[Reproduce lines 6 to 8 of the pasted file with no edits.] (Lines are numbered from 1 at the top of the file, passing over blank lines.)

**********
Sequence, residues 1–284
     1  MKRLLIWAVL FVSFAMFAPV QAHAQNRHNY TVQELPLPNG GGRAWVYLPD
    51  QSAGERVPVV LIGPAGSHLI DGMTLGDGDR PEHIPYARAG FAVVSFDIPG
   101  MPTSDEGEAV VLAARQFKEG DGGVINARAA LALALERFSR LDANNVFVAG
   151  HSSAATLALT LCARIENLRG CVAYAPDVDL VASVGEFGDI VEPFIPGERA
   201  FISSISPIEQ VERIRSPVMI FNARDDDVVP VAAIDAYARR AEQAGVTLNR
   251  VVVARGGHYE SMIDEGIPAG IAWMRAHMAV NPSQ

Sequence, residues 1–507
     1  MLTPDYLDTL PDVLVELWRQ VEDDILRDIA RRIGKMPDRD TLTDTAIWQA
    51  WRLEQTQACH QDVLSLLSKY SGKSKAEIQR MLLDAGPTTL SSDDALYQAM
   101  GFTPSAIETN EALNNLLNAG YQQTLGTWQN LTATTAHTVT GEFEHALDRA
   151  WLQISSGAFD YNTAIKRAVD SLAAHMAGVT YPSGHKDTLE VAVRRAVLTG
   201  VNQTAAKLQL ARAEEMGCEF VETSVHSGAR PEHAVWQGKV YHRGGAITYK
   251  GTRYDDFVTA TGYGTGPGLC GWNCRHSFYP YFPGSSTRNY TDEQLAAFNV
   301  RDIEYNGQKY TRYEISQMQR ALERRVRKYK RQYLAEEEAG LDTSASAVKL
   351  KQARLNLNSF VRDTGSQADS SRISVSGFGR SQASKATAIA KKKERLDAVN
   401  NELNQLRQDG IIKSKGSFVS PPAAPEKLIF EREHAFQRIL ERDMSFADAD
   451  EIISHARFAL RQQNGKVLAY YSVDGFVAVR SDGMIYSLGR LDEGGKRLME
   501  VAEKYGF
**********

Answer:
   201  FISSISPIEQ VERIRSPVMI FNARDDDVVP VAAIDAYARR AEQAGVTLNR
   251  VVVARGGHYE SMIDEGIPAG IAWMRAHMAV NPSQ

Sequence, residues 1–507